files on the Sony laptop were ripped using Exact Audio Copy in the lossless FLAC format
and played back through J Rivers Media Jukebox 12 player software. EAC (with FLAC
encoding built in) and Media Jukebox are free and available for download. Speakers were
Exodus Audio Keplers or B&W CM1s; the integrated amplifier was either a Simaudio i-5.3
or a DIY Paradise Charlize 2.
About the Thingees ability to provide a black
background, the cats already out of the bag. As would be expected, this silence made
it considerably easier to discern subtle details, echoes from recording spaces, and crowd
noises. Although its already a very revealing recording, the spatial cues in Jazz
at the Pawnshop [CD, Proprius 7778] were more alive than ever, but not so prominent as
to be too distracting. The clinking of glasses and the background conversation of Pawnshop
patrons, for example, blended beautifully with the music, resulting in an all-enveloping
live musical experience.
Wynton and Ellis Marsaliss Joe Cools Blues
[CD, Columbia CK 668801] is a recent addition to my collection and a new favorite. The
first track, Vince Guaraldis timeless "Linus and Lucy," offers four and a
half minutes of merry music, with Eric Reeds rendition of Guaraldis classic
piano riff being both playful and punchy. Although the piano, Wyntons trumpet, and
Wycliffe Gordons trombone dominate the piece, the Thingee conveyed the performance
space so well that it was easy to follow the supporting players, each tucked into his
place in space.
Among the many stunning recordings on This is K2 HD
Sound! [CD, FIM 14.2 HD 078] is War Dancer, from the suite from Respighis
The Queen of Sheba. This piece of music features huge dynamic swings and percussion
that, through the USB Thingee, turned out to be more explosive than Id previously
realized. Actually, forget explosive: the timpani were downright devastating. War dance
indeed! On the much subtler side, the same discs recording of Nah Youn Suns Heart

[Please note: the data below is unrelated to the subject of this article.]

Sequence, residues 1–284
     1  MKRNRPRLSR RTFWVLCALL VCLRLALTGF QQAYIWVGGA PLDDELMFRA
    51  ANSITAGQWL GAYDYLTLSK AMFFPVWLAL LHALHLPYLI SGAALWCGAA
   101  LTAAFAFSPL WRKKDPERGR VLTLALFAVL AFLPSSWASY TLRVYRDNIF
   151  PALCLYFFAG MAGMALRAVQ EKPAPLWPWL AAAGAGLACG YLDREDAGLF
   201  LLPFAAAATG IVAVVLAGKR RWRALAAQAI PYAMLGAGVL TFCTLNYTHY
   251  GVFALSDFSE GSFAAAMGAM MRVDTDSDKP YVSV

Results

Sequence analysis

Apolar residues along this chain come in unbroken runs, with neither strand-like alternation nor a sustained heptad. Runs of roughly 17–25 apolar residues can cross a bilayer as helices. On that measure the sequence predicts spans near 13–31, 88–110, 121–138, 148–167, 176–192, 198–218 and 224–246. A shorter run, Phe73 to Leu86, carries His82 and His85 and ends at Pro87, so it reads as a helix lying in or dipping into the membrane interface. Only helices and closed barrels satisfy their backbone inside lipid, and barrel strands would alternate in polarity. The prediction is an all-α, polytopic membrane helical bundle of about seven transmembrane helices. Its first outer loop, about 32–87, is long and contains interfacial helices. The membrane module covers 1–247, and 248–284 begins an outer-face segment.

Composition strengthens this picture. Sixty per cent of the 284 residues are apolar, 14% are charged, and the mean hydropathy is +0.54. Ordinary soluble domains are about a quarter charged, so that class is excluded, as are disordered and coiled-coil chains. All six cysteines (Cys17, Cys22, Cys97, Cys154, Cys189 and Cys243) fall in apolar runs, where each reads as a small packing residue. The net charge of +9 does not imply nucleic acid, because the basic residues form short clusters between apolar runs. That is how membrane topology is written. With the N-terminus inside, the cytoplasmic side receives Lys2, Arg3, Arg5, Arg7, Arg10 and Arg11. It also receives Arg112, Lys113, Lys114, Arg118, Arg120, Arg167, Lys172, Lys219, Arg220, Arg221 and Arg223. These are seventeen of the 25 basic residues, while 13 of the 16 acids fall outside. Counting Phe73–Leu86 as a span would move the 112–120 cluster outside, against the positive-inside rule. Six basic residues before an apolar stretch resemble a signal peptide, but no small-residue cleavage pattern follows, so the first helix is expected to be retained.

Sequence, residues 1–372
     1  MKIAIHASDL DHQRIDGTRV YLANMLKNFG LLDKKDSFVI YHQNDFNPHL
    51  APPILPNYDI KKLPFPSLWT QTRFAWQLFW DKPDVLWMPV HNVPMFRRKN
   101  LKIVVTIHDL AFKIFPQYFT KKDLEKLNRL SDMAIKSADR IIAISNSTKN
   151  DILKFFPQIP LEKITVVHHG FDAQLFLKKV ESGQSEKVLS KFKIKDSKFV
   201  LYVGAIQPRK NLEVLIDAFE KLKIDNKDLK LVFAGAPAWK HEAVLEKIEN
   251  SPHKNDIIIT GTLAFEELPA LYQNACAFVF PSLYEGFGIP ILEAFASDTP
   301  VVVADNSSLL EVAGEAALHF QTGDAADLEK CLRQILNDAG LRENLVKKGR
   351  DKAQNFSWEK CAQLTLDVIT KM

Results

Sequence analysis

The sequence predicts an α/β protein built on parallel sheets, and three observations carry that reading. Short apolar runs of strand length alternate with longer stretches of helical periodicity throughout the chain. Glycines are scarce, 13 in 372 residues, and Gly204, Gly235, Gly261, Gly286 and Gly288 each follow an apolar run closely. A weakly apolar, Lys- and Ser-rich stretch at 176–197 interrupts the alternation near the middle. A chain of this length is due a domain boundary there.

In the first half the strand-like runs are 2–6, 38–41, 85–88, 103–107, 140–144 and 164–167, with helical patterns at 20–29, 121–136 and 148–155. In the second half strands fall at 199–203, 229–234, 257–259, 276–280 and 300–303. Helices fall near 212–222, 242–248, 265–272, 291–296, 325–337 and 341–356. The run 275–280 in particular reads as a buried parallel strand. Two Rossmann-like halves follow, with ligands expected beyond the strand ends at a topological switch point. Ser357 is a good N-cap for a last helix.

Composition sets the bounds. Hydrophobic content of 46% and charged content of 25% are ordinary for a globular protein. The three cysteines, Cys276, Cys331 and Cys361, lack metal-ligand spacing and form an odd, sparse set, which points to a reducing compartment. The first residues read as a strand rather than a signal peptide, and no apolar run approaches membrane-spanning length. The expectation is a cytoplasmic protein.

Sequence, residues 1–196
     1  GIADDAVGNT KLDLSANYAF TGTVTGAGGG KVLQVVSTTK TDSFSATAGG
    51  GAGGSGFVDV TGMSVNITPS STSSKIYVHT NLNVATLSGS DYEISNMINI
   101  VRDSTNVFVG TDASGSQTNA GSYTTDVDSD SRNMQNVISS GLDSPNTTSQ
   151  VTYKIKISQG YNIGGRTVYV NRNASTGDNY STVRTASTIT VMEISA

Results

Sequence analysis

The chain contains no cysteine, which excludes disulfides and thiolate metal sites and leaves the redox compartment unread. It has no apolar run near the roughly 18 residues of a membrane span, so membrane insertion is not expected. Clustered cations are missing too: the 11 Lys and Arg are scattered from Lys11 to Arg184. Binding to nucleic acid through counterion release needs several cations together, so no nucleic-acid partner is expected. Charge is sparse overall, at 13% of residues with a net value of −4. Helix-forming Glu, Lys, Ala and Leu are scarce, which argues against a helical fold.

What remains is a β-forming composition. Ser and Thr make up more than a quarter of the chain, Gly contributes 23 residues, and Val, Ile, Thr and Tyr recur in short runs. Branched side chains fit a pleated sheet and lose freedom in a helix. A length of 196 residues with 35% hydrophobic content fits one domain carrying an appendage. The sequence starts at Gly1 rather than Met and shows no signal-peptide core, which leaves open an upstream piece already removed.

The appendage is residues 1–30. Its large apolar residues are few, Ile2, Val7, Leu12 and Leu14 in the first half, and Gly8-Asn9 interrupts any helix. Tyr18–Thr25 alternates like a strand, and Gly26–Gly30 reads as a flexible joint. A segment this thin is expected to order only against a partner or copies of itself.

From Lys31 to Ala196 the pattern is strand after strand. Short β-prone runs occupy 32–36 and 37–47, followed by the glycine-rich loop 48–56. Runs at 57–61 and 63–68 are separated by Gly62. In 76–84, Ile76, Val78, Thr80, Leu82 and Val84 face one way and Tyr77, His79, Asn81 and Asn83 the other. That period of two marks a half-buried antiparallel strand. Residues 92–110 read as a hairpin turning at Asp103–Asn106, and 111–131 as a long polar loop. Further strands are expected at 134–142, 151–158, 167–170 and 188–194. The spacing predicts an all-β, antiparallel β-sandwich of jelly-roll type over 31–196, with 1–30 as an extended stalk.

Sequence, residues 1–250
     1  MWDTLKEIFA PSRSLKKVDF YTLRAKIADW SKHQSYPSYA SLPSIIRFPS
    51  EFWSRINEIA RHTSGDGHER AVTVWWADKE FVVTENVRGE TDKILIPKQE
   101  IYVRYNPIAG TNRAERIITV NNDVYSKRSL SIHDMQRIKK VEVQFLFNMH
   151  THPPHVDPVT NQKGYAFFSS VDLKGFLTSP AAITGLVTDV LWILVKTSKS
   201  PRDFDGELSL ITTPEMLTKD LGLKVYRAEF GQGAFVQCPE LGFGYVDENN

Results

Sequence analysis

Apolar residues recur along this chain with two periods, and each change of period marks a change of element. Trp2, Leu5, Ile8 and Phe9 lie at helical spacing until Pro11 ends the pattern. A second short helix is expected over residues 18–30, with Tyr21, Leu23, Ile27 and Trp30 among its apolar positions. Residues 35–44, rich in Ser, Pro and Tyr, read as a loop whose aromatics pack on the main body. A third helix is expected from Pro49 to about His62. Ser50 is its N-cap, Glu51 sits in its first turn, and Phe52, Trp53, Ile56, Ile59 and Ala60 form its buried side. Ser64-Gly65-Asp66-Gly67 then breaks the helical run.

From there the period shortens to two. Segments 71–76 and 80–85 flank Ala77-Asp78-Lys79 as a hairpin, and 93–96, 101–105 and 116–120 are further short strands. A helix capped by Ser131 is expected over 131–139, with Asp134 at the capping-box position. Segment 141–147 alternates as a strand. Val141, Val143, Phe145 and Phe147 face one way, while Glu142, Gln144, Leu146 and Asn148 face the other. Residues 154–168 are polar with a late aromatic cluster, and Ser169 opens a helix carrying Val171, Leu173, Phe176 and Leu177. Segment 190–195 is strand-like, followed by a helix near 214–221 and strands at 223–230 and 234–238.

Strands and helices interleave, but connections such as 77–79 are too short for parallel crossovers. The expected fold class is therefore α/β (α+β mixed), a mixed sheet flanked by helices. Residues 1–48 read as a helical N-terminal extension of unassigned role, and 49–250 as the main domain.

of Glass was rendered in an equally moving fashion, though in this instance it was
because the Thingee was acting as digital truth serum, laying bare the intense emotion
that underpins Suns magnificent vocal performance. Nothing added, nothing taken
The venerable HagUSB ($129), one of the first USB-to-S/PDIF
converters available to the audio community, has provided sterling service for the past
few years. Its been with me so long, and done such a great job of selling PC-based
audio to many an audiophile, that it feels almost disloyal to compare it to the far newer
Thingee. But such is life. Though it pains me to say so, the venerable HagUSB was
outclassed by the Thingee in every way. Whether it was newer-technology chips, the circuit
design, the integral filter, or maybe even the pipe (!), the Thingee is the new standard
bearer among USB-to-S/PDIF converters.
The Thingee was also remarkably good as a standalone DAC.
After listening to the Thingees analog output for a few days, I switched over to the
DIY Paradise Enhanced USB Monica ($360 in built form, with power supply) and listened for
differences. The best adjective I can think of to describe the Monica vs. the Thingee is
that the former sounded dry. Whereas the Thingee was full-bodied, robust, and
projected a wide and deep soundstage, the Monica was leaner, and had slightly muted bass
response and a moderately veiled upper treble. The Enhanced USB Monica is a great device,
but at half the price, the USB Thingee is definitely the better value.
It didnt take the Blue Circle USB Thingee to convince
me that computer-based music systems are the next big thing in audio -- I jumped on that
bandwagon years ago. But the USB Thingee is proof positive that, with a computer and an
inexpensive converter, its possible to assemble a digital source that easily keeps
up with +$2000 standalone players. Yes, other very good USB converters and USB DACs are
available, but in my experience, none offers the USB Thingees winning combination of
high-level performance and superb value. It might not be pretty to look at, but Blue
Circle Audios USB Thingee is indeed a rose.
Price of equipment reviewed